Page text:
Mix thoroughly and add anything else you would like to taste (favorite hot sauce, splash of beer/Irish Whiskey, sour cream...the possibilities are endless).

The Salad Days...

My Dad found some recipes for my Grandpa Henderson's (Art) salad dressing - I remember it always being amazing...

Then there's this one, that seems to be the same...

I'll have to try them out to see which is better...TBD

Sunday, May 27, 2018

Notes On Entertaining - Party Portion Control

The way things are at our house, relatively open to friends and family, there have been times where we have had some additional guests at dinner that may have been...shall we say...unexpected.  I found an article that helped me put into words what we usually do...
Adapted from an article on

How to plan the right amount of food for a dinner party 

We don’t do a ton of large dinner parties, but we do ‘entertain’ the family and friends on a regular basis.  It doesn’t always happen, but every once in a while we’ll have ‘extra’ guests show up.  I have come to realize a couple of things: a) it’s never a bad idea to cook a little more than you think you'll need, and b) As long as the cook is calm, the guests will be calm. I don't think they even had a clue that I had to stretch the food. Nevertheless, here are a few tips for figuring out how much to make for your next dinner party.

Sketch out your menu first. Once you've decided what you're having, you can start thinking about portion sizes. As a general rule, the more dishes you serve the less of each you need to make.

Play the numbers game. Throw out the old-school recommendation for eight ounces of protein per person: With individual pieces of meat or fish, plan for about four ounces per person instead, or roughly the size of a deck of cards. For pasta, plan on about one cup per person, and for other sides like grains or vegetables, shoot for about a half cup each—unless it's a leafy salad, in which case you should budget about ¾ cup per person.

Sometimes less is more. With roasted meats and stews, the four-ounce recommendation can go out the door. If you cook a large chunk of meat and slice it thinly, people will end up eating far less than if you serve individual steaks, pork chops or a rack of lamb. The same goes for a stew or casserole.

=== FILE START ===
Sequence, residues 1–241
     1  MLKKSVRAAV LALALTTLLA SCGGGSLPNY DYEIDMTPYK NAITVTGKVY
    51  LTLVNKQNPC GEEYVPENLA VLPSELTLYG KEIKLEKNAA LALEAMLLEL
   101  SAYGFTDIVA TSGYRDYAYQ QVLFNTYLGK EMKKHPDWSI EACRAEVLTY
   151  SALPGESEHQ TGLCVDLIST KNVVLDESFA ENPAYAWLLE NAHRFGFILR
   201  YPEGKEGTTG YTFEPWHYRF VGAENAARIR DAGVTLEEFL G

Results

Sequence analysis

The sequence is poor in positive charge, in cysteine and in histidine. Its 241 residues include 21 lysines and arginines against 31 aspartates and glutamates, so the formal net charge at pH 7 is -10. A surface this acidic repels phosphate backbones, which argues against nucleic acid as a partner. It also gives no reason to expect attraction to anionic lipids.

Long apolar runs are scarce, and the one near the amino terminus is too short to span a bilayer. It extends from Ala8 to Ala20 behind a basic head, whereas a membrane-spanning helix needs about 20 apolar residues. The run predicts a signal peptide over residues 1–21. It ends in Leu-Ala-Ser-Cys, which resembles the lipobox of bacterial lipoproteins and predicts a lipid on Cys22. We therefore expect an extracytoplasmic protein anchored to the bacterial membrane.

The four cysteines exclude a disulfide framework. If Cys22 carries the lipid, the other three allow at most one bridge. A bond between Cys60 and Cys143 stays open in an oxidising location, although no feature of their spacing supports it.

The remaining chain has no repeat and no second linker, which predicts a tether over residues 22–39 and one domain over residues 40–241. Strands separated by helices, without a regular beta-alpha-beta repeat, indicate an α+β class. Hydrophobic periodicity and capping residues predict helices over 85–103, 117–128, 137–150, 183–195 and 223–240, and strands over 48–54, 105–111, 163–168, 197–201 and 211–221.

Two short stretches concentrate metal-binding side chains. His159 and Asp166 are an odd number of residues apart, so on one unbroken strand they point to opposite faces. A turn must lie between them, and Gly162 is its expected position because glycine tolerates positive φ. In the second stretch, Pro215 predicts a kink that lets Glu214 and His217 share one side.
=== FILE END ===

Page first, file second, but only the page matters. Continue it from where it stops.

Recipe servings are merely a guide. Recipe amounts are written as though that dish is the only thing you're eating for your meal. So if you see a salad recipe that says it serves four, and you're making it as part of a large buffet spread, chances are that salad will stretch to feed six or eight people.

Plan pre-party bites carefully. Limit appetizers to just one item you have to make—say, wings, crostini, cheese plate, or shrimp cocktail and fill things in with other things you don't have to prep much, like little bowls of olives or roasted nuts. You don't want people filling up before the main event—you're just providing something for them to nibble on while you finish. If you're having cocktail hour before dinner, plan on serving enough for people to have three to five bites of food along with their drink.

Keep dessert servings small. At the end of a three-hour dinner party, your guests aren't going to want a big slab of pie or wedge of cake—just a little something sweet will suffice. A flourless chocolate cake recipe might say it feeds eight, but you can slice it into 12 slivers and garnish each with a dollop of fresh whipped cream and raspberries to fill out the plate. The goal is to leave your guests wanting more, not waddling home stuffed.

Bottom line…Relax and enjoy the party as well!

Game On...Wild Game Preparation

Wild Game Preparation...R&D for a Buddy
Here in the West, a lot of people spend days if not weeks out of the year (usually in the Autumn months) camping out, hunting, and bonding with friends and family.  Not long ago, a friend approached me on the proper way to prepare wild game.  While I do have experience eating (and enjoying) everything from Caribou to Elk, Deer and Moose; and even wild boar and rattlesnake, my experience cleaning and dressing of the animal is somewhat limited.  The raw meat we have enjoyed had been prepared by someone with a lot more experience than I had, usually Julie’s grandfather or uncle.  To provide better feedback for my Buddy, I did some serious R&D at home, with my family and tried to come up with the best way to prep and serve Wild Game.  Here's what I came up with...
Wild deer lead unpredictable lives with widely varying diets. That means their meat can range from tender and veal-like to strong and gamey, which poses a problem for venison-loving cooks. Although a hint of gaminess is a welcome reminder that you're eating wild-caught meat, anything more than that quickly becomes a fault. Although much of the game, or gamey, taste of venison occurs during the cleaning and dressing of the deer. The more care that is taken during this process, the less gaminess the meat will have. Yet some older bucks and does will retain a game flavor, no matter how meticulous the cleaning process. Some venison has a stronger flavor than others primarily because deer eat a varied diet of weeds, acorn and wood bark. If their diet consists of more acorns than greens the venison will have a "gamier" taste.
Harvested during fall hunting seasons, venison is a lean meat that is lower in fat and calories than an equal-sized portion of beef or pork. Likewise, venison also has less cholesterol than other meats. Fortunately, there are several well-proven techniques to reduce or mask the musky gaminess of wild venison…

Diligent Trimming